When looking to get a refund of care fees DID you know that where there is a previously un-assessed period of care, you can ask your Clinical Commissioning Group (CCG) to undertake a retrospective review to see if you met the eligibility criteria for NHS Continuing Healthcare Funding (CHCF)? If successful, and found eligible for CHCF, you should be recover past care home fees that have already been paid – which could be a substantial sum.
Furthermore, if successful in your claim for review you are entitled to interest on that awarded sum!
Continuing our 27 top tips on NHS Continuing Healthcare, here’s Tip no. 20…
Your entitlement to interest is set out in the NHS Continuing Healthcare Refreshed Redress Guidance published on 1st April 2015. Find out more here.
The purpose of the redress is to achieve an outcome that is fair and reasonable and to put “individuals in the position they would have been in had NHS Continuing Healthcare been awarded at the appropriate time”. But the “remedies should not lead to a complainant making a profit or gaining an advantage”. So, in short, if you have wrongly been deprived of the use of monies a long time ago that were wrongly paid for care fees, then not only should you get them back, but you are also entitled to interest as well. That seems fair enough!
Tip: So check that any offers of redress made include interest!
What rate of interest is applicable?
The Guidance recommends that interest be paid at the Retail Price Index (RPI) rate applicable to the redress. That is usually a low a rate of interest.
If you want to try and understand the RPI interest offer made, you will need to consult the relevant RPI tables to make sense of the CCGs calculation – which can be quite complicated task in itself. Having said that, their calculations are usually pretty accurate, but it’s a good idea to check for yourself if you can.
Can I ever claim a higher rate of interest?
Generally, most cases (post 1st April 2015) will now fall under the latest NHS Continuing Healthcare Refreshed Redress Guidance – where interest at RPI is now payable.
However, where there has been an inordinate delay, such that the CCG’s decision on NHS Continuing Healthcare Funding is only given long after the 1st April 2015, you may be able to argue that interest should be paid at the previous statutory rate of 8% per annum – which was the usual rate before the 1st April 2015.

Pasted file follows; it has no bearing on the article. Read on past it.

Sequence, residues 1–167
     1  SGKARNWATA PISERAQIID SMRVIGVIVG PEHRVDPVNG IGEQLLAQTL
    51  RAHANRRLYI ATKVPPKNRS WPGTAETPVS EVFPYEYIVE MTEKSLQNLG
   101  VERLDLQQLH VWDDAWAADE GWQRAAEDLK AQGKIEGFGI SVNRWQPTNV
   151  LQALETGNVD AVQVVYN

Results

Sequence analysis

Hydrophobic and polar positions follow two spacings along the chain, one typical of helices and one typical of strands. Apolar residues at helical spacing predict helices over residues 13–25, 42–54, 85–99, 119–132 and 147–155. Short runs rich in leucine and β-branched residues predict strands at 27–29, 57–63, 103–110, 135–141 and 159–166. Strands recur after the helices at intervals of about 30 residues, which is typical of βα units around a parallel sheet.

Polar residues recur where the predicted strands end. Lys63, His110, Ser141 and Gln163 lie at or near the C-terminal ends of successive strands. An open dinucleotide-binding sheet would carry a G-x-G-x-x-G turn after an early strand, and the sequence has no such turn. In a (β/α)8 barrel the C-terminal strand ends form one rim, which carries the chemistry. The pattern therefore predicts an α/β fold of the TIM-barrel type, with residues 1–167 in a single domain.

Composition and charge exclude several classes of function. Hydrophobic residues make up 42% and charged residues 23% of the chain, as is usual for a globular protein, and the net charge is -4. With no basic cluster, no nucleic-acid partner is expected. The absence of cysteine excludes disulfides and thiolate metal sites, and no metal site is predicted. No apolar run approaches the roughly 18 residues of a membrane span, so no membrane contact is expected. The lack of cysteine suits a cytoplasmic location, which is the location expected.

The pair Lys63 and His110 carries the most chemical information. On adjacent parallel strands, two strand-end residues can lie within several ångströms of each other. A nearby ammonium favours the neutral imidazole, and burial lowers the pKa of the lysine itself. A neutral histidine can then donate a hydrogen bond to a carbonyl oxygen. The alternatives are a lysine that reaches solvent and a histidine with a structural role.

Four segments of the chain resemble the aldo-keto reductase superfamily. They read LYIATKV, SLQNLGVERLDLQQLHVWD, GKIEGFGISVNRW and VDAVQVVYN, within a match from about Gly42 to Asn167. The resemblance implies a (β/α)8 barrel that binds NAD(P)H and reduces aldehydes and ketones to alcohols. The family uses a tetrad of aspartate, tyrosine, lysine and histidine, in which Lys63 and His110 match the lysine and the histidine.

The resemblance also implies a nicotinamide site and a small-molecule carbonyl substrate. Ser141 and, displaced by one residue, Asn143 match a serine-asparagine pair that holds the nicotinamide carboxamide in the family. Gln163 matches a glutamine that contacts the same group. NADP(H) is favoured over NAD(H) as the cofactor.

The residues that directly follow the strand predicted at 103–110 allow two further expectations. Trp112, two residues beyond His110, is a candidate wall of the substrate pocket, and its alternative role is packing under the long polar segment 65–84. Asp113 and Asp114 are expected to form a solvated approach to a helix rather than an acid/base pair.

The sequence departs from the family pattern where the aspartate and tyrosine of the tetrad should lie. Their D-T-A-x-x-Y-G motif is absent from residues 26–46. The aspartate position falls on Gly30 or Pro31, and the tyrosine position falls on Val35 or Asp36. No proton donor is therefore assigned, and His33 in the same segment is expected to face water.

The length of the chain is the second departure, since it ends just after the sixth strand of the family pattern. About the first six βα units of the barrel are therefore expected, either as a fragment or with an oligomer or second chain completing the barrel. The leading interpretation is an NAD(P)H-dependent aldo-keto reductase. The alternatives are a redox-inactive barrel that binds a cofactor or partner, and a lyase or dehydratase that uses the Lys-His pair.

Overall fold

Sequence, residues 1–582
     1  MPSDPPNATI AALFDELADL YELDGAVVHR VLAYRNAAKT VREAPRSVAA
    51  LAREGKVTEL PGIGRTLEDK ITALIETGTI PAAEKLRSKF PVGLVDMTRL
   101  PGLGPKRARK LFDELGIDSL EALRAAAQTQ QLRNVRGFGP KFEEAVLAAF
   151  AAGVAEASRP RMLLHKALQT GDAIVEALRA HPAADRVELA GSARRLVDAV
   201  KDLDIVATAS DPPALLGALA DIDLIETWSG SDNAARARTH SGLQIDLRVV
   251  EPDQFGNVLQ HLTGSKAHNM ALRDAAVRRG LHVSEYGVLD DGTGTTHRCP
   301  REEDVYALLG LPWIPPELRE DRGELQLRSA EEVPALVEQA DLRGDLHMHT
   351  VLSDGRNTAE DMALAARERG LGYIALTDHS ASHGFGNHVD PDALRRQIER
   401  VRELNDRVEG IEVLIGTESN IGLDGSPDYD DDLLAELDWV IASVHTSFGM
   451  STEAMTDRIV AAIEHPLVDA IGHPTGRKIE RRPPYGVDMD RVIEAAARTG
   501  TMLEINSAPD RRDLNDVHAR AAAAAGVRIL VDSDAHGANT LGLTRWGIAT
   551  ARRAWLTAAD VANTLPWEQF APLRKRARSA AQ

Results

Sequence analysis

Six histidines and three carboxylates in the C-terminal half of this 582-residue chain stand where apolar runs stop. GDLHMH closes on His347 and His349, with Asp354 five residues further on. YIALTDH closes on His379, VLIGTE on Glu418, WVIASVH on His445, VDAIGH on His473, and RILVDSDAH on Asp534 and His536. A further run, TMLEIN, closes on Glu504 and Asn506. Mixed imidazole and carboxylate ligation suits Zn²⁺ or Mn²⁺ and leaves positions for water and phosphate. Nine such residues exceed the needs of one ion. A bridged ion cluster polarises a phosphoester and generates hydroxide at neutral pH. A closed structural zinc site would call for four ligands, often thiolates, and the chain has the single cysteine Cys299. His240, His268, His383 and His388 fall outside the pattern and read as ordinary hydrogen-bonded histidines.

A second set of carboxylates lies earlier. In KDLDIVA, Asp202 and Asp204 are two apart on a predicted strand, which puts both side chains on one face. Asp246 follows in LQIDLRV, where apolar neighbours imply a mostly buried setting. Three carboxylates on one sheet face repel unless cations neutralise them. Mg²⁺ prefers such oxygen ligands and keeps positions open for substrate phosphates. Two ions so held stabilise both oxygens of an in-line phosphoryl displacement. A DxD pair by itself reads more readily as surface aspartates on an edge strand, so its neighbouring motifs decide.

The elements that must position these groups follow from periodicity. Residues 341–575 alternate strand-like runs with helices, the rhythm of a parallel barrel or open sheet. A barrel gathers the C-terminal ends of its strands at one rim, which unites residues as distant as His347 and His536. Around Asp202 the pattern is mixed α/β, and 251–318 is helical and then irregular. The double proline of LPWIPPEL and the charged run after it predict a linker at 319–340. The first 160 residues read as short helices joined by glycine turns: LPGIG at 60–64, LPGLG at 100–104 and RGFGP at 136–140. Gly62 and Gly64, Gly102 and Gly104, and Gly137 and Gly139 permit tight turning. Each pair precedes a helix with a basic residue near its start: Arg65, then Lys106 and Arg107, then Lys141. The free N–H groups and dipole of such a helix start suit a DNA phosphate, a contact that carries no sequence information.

So, for example, let’s take an example where an individual’s case started in January 2012, but the CCG delayed matters such that they didn’t notify the outcome of their decision until June 2017 ie long after the 1st April 2015 – then you may be able to argue for interest at the 8% rate on the amount recovered. But you will need to have a good arguable case for claiming interest above RPI rates. Perhaps consider the following suggestions which are for illustrative purposes only:
- Has the CCGs conduct has been unfair or unreasonable?
- Has there has been an abuse of process by the CCG causing the claim to be unnecessarily protracted?
- Did the CCG behave in an unreasonable or incompetent manner, such that they could and should they have processed the claim much quicker and reached an outcome well before 1st April 2015?
- Did the CCG put up obstacles to try and frustrate the claim eg by rejecting it incorrectly when assessing eligibility and then wrongly refusing any right to appeal – point blank?
A general delay due to understaffing and shortage of resources will not usually be a good enough argument alone.
The Redress Guidance does allow for the “CCGs to consider the specific circumstances of each individual case when determining the appropriate level of redress”. Therefore, each case of course depends on its own merits, but if your case started long before 1st April 2015 do consider whether you could be entitled to more than just RPI interest. Sometimes, the interest element can be as much as the actual claim for care costs itself.